• December 20, 2014

Shelter project stays in budget

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Posted: Wednesday, December 19, 2007 12:00 pm | Updated: 10:49 am, Thu Feb 13, 2014.

By Kevin M. Smith

Killeen Daily Herald

Animal shelter renovations and construction of a new police station in Killeen are expected to begin early next year.

The Public Safety Capital Improvement Projects Committee, at a meeting Tuesday, sent its recommendation for the Killeen Animal Shelter renovations and additions to the full Killeen City Council.

The committee also heard a progress report on the new police headquarters and may get a chance to stamp its approval on that project by the end of the year or very soon in 2008.

Brenda Essenburg, general services director for the city's finance department, told the committee that the animal shelter's renovations and additions total $299,644 with the budget for the project at $300,000. The project, originally approved by Killeen voters as a $180,000 bond in 2002, escalated in price as the Animal Advisory Committee began working on plans in March.

The Animal Advisory Committee expected the shelter upgrades to stay close to the budget until September when Killeen police Capt. Steve Hoskins, who oversees the Animal Control Division, told the committee the project would be $70,000 to $110,000 more than the $180,000 the voters approved in 2002. The balance of $120,000 of was approved in the 2007-08 budget and came from the bond money for the new police headquarters.

Essenburg said new kennels for the existing building will cost $124,208, renovations including labor and materials will cost $80,735, kennels for the addition will cost $26,150, architectural and engineering services cost $33,553 and an incinerator for cremation will cost about $25,000.

"Which is within our $300,000 budget," Essenburg said.

The plans call for expanding the lobby, adding a "get-to-know" room where a person could interact with pets being considered for adoption, a 1,800-square-foot metal shell building with heating and air conditioning for dogs, modular cages made from aluminum or stainless steel and cremation equipment.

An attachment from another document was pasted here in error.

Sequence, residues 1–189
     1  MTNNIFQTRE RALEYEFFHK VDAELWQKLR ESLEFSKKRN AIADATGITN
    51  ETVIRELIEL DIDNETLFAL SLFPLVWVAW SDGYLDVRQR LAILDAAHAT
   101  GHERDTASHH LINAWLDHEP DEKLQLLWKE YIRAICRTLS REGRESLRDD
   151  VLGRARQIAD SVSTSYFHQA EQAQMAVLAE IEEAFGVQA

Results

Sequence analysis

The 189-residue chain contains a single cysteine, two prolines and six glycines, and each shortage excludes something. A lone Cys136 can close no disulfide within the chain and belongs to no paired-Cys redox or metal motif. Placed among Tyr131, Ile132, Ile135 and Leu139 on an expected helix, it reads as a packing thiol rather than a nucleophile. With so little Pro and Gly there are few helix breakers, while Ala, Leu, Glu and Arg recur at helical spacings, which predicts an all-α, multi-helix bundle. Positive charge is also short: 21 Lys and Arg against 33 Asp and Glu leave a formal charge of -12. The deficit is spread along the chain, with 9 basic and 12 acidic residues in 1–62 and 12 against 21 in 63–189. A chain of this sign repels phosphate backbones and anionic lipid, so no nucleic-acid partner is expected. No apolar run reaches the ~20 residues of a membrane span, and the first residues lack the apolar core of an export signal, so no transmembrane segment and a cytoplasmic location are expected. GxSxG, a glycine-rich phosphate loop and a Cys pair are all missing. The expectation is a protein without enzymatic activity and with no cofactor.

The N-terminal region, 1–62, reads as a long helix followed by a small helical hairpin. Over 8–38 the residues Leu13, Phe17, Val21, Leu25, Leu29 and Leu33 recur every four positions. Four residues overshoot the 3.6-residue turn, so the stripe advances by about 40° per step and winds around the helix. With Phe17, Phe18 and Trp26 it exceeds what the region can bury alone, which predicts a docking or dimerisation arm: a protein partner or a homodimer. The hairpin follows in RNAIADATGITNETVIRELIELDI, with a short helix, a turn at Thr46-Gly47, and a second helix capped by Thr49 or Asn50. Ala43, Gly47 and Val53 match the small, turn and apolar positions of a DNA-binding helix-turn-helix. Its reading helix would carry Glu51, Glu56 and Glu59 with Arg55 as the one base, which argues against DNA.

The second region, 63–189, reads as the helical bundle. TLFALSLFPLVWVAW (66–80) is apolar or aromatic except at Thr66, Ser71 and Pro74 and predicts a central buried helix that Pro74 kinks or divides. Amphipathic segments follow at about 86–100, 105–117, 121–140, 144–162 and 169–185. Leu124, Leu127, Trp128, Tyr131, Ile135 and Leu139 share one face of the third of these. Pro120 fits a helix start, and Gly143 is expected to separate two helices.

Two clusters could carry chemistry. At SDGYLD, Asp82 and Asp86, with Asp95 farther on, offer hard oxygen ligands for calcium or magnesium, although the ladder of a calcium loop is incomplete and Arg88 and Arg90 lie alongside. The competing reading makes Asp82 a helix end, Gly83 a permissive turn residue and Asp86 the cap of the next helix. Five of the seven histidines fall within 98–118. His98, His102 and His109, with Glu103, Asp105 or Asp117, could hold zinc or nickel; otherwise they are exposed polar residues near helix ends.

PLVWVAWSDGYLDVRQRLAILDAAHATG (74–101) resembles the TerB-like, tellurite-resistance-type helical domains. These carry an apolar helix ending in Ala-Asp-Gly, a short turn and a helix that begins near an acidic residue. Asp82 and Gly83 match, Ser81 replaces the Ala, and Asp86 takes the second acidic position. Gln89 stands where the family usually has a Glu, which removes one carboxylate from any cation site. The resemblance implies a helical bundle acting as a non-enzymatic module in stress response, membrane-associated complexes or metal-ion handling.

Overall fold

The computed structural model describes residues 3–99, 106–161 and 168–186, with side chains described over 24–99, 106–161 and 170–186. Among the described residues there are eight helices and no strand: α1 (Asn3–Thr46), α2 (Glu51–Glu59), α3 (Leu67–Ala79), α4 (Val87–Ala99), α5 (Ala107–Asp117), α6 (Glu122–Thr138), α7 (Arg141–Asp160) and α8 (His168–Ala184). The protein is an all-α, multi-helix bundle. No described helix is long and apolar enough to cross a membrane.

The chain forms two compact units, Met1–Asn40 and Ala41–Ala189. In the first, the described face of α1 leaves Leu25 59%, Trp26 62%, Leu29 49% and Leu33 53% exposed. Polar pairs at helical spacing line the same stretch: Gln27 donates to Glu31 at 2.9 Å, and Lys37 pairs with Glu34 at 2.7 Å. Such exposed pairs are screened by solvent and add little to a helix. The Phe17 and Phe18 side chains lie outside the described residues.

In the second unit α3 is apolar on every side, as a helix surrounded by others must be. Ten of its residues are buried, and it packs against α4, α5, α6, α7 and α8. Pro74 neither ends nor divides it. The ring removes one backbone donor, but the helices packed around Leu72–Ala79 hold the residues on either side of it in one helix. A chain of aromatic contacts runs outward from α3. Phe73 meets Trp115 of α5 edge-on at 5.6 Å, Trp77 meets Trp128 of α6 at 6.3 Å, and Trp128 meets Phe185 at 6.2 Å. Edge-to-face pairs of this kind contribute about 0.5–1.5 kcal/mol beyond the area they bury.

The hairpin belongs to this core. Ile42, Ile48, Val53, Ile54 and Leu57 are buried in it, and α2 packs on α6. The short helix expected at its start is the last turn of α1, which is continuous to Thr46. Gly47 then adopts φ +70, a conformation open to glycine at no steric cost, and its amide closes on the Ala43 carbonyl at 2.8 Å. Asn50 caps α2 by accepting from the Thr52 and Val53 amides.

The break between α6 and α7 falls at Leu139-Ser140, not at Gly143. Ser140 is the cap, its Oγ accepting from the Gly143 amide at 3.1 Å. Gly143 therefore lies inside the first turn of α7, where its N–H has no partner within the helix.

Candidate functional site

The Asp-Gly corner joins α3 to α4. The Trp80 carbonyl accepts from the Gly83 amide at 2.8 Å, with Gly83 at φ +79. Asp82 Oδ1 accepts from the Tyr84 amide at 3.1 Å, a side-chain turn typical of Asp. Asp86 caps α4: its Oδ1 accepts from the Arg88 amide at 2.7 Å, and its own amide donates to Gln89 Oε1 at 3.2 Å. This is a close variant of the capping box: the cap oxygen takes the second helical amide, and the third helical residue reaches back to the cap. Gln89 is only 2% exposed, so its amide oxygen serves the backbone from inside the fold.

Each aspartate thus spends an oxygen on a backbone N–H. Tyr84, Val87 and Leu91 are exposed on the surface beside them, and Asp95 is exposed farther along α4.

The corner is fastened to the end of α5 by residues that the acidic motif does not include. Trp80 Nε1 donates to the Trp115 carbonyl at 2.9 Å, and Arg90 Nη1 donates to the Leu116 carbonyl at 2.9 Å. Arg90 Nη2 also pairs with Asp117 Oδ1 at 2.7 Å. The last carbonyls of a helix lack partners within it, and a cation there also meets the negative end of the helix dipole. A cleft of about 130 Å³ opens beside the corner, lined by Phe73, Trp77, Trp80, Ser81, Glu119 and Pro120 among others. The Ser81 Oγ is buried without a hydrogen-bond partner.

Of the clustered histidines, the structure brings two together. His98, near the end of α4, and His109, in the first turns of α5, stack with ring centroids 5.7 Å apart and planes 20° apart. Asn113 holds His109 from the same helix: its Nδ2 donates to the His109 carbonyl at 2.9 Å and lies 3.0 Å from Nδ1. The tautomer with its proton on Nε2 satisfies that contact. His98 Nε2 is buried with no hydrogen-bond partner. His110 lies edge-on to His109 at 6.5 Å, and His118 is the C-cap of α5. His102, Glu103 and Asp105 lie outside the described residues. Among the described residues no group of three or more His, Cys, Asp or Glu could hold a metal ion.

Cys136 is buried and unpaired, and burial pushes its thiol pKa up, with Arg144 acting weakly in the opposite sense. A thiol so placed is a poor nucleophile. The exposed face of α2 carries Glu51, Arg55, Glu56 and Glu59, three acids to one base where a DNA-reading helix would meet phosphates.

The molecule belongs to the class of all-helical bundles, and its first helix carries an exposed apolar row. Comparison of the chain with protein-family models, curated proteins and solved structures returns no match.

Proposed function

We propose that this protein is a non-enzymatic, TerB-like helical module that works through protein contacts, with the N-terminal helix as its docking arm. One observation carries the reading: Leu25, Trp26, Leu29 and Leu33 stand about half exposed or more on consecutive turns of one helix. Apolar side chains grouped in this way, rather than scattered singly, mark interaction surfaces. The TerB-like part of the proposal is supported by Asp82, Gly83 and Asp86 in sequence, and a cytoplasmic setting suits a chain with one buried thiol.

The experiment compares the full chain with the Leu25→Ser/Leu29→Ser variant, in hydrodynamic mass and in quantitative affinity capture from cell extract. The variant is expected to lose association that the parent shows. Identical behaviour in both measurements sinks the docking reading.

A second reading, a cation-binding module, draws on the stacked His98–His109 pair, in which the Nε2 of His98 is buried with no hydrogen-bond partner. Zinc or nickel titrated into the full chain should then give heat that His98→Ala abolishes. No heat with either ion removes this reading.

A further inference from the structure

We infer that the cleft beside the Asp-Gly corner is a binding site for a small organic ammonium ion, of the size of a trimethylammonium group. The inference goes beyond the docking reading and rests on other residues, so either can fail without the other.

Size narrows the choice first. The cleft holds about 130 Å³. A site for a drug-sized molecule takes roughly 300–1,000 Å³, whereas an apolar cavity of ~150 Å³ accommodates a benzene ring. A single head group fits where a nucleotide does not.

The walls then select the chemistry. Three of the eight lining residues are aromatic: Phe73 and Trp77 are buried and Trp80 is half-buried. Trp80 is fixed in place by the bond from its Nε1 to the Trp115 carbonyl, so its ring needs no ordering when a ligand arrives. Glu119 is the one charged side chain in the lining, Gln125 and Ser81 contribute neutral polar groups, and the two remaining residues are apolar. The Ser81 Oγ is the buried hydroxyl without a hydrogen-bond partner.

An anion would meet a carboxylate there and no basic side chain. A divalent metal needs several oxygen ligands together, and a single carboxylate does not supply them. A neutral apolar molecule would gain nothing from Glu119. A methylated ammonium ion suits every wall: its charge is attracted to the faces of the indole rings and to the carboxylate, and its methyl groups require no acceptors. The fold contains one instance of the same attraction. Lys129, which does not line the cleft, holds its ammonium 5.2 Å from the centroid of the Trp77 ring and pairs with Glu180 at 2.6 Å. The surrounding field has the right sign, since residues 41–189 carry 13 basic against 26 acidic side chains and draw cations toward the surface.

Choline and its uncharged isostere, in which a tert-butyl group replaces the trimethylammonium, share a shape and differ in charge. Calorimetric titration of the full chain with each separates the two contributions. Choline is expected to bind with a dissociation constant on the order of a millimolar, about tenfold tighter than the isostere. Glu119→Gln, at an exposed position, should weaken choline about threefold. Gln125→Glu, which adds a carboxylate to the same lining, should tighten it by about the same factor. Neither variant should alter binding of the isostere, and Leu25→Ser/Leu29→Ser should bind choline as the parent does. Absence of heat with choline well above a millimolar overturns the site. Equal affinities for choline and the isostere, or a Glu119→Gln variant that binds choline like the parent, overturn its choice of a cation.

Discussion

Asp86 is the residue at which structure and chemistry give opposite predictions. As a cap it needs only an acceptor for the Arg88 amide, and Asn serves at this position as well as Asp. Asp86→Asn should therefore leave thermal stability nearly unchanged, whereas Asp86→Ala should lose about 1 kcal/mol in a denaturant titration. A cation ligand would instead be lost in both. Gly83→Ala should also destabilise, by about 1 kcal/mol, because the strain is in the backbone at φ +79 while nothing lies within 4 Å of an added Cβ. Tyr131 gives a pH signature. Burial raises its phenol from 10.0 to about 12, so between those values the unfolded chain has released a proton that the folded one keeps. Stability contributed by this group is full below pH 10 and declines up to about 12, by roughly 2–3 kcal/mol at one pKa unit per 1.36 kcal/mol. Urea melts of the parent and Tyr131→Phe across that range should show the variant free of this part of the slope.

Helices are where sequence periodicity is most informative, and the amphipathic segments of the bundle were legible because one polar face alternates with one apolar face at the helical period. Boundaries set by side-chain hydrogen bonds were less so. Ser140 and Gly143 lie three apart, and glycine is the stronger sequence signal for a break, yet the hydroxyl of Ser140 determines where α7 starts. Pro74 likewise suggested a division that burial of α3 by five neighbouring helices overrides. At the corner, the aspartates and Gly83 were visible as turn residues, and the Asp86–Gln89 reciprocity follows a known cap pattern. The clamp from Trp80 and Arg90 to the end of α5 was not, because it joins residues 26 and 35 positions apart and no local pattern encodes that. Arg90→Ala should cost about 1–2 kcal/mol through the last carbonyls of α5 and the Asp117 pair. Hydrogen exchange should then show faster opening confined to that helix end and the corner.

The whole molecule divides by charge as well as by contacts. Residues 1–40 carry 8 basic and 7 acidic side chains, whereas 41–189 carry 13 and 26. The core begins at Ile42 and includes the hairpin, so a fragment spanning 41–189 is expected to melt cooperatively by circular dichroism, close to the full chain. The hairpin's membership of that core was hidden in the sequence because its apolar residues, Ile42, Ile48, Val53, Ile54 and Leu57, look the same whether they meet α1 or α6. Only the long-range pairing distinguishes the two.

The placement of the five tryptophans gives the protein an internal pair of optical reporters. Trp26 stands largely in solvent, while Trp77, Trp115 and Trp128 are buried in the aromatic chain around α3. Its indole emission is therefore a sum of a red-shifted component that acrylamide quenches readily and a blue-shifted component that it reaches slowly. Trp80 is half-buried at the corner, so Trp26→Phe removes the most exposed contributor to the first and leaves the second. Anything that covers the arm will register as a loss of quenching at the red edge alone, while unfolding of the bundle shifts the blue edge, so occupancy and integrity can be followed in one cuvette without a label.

After discussions with the architect, Essenburg, Hoskins and others decided on a few modifications, including a wall in the lobby with a window to the cats' cages so people could see the animals up for adoption as they walk in. The new plans also call for moving the entrance.

"When may we expect to turn dirt and put some concrete blocks up?" asked Councilman Larry Cole, who sits on the Animal Advisory and Public Safety CIP committees.

Clinton Young, of Jamail Smith Construction, was at the meeting to answer questions. He said the job should be ready to start within 30 days after the council approves it and 90 days to complete after that.

"Right now, it's in the hands of the engineers," Young said.

He said the engineer is soliciting proposals for a contractor. The City Council will consider giving the project final approval at its Jan. 8 meeting.

The Public Safety CIP Committee may call a special meeting this month to review the plans and send it to the council for final approval in January.

City Manager Connie Green said city staff has been reviewing the numbers in the contract with PSA Dewberry architecture firm and Lee Lewis Construction.

"I think we're in good shape right now," Green said.

He said the project appears to fit in the $27 million budget and the city staff has a few things to clarify before it is ready to present it to the committee.

"We hope to have everything for the committee to review at our next meeting in January," Green said.

Committee members said they hoped to get the project started sooner.

"We were on a fast track, and all the sudden we're not on a fast track," said Mayor Timothy Hancock, who sits on the Public Safety CIP Committee.

Councilman Juan Rivera, alternate committee member, asked if the Public Safety CIP Committee could skip the recommendation process and send it straight to the full council when the proposal is ready.

Hancock said he is not comfortable with that in case there is something the committee may want to send back to the architect or contractor. He said that if the committee wants to keep the project on the fast track, it should consider calling a special meeting to make sure it makes the Jan. 8 council agenda.

Contact Kevin M. Smith at ksmith@kdhnews.com or call (254) 501-7550

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